Odlyzko: "I Do Not Expect the Internet to Become Clogged"


In a sense, the debate over whether or not there is going to be enough bandwidth to satisfy ever-increasing demand is a relief because it is fairly straightforward: There either will be or won't be. There is some, but not too much, gray area.


As part of IT Business Edge's look ahead to 2009, I contacted Andrew Odlyzko, a professor and the Director of the Digital Technology Center at the University of Minnesota to follow up on a couple of posts we did that mentioned his research. I asked, more or less, if the bits and bytes well will run dry this year. Odlyzko's response is good news:

Carriers, service providers, and vendors have all been increasing bandwidth at significant rates over the last few years, in response to increasing traffic demand from customers. I expect that to continue, most likely augmented by a push from the new administration for infrastructure improvements, given how important broadband is for the economy. I do not expect the Internet to become clogged, but the precise rate of growth will be very important for the industry and the country as a whole.

There are two separate areas of concern. Odlyzko, Nermetes Research and others pretty much focus on the huge digital pipes that form the core of the Internet. The local distribution network also is a worry. The growth of local fiber networks such as Verizon's FiOS and 4G -- Long Term Evolution (LTE) and WiMax -- will help reduce local bottlenecks. Ironically, the increases these technologies will provide to the edges of the network will encourage creation of bandwidth-hungry services that will increase the pressure on the middle of the network.


Here is where that little bit of wiggle room comes in: Yesterday, I linked to a post from Gary Kim that suggests the success of "over the top" video may lead to various traffic shaping and related strategies that would make the Internet's use of bandwidth more efficient. The problem simply is that the Internet wasn't meant to support data-crazy services such as high definition movies. Everyone wins-and Odlyzko is proven correct -- if the popularity of such services drives carriers and service providers to institute techniques that make the same amount of bandwidth go farther.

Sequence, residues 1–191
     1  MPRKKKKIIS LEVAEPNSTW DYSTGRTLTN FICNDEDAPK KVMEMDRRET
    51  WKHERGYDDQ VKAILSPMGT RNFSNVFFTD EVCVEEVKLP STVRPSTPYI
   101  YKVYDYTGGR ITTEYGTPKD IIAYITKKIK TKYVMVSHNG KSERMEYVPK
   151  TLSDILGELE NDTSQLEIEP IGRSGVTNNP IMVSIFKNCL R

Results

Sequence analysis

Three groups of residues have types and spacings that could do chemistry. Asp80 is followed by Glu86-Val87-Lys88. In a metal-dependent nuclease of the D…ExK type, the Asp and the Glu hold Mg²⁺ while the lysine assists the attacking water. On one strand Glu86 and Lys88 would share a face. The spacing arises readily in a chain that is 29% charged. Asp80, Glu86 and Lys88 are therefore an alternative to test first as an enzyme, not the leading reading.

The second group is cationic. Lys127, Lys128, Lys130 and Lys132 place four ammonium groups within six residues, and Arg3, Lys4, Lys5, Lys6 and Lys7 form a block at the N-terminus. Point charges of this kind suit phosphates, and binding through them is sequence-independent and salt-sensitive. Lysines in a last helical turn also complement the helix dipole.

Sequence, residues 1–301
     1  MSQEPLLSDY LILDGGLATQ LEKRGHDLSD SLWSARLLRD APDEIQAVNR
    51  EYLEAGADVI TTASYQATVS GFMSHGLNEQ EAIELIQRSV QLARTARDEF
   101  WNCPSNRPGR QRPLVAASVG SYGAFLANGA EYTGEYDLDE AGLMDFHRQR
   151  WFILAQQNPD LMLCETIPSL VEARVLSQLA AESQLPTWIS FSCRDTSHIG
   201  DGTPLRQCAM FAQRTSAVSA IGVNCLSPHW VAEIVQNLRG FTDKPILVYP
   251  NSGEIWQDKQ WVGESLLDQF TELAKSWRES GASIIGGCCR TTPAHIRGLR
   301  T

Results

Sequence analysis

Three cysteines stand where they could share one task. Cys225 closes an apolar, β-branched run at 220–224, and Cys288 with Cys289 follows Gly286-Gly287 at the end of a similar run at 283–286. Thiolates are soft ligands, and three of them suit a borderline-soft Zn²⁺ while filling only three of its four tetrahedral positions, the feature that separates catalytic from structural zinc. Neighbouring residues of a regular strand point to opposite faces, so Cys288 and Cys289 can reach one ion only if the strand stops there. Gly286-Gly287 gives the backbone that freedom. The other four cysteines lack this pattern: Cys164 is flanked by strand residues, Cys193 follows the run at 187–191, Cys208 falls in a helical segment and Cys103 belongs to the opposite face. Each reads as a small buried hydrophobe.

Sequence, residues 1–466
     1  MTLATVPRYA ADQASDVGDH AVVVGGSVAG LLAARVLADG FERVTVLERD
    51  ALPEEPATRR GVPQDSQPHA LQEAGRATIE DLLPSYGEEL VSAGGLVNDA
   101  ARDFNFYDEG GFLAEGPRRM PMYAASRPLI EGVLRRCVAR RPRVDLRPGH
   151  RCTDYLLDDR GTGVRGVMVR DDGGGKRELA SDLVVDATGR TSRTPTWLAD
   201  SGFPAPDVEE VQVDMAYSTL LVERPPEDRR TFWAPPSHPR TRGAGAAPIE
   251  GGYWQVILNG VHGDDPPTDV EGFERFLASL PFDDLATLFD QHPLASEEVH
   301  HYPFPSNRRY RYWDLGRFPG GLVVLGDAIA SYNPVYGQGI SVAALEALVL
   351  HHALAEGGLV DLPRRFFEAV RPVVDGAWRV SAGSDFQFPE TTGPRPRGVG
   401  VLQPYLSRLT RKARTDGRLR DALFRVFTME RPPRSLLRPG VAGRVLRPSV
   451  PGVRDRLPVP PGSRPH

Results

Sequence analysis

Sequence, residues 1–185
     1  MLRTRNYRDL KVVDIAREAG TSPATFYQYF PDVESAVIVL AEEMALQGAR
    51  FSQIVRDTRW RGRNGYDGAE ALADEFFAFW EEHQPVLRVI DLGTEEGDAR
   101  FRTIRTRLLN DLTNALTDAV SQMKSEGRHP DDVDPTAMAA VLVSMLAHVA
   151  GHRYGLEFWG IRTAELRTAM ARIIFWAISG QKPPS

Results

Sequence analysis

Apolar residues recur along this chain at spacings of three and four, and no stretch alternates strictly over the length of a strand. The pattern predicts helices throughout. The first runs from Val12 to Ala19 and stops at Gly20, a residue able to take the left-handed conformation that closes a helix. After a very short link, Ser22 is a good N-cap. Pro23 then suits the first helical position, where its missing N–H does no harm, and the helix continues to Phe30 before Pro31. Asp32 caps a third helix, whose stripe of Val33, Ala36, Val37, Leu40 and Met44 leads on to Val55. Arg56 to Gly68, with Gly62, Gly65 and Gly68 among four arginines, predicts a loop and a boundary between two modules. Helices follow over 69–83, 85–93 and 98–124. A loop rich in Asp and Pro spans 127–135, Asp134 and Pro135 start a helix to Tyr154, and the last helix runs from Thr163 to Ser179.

This New York Times story focuses on only a relatively small source of the increasing bandwidth consumption: lodges and conference centers. These sources may add a bit disproportionately due to the fact that professionals attending conferences and conventions are more likely to employ bandwidth-hungry applications than others. In the big picture, however, the piece is instructive and gets the overall flavor right. Quite simply, people's use of bandwidth on day-to-day applications is growing at almost an exponential rate.


Wireless and fiber projects are being accompanied by efforts to curtail bandwidth use. The most noteworthy -- and controversial -- are being made by Comcast. The bottom line is that the company-which PC World reports has launched a system aimed at controlling and even cutting off bandwidth hogs-is addressing the issue. Whether that is a byproduct of a more nefarious goal of increasing its profits or a good-faith effort to protect the majority of lighter users is, in this context, largely besides the point.


There is no question that bandwidth demands on both the core and the outer extremities of the Internet are exploding. The disagreement on whether the core of the Net is in danger will likely be settled relatively soon. The outer distribution network, while stressed, seems to be in good shape as providers create an increasing reservoir of capacity.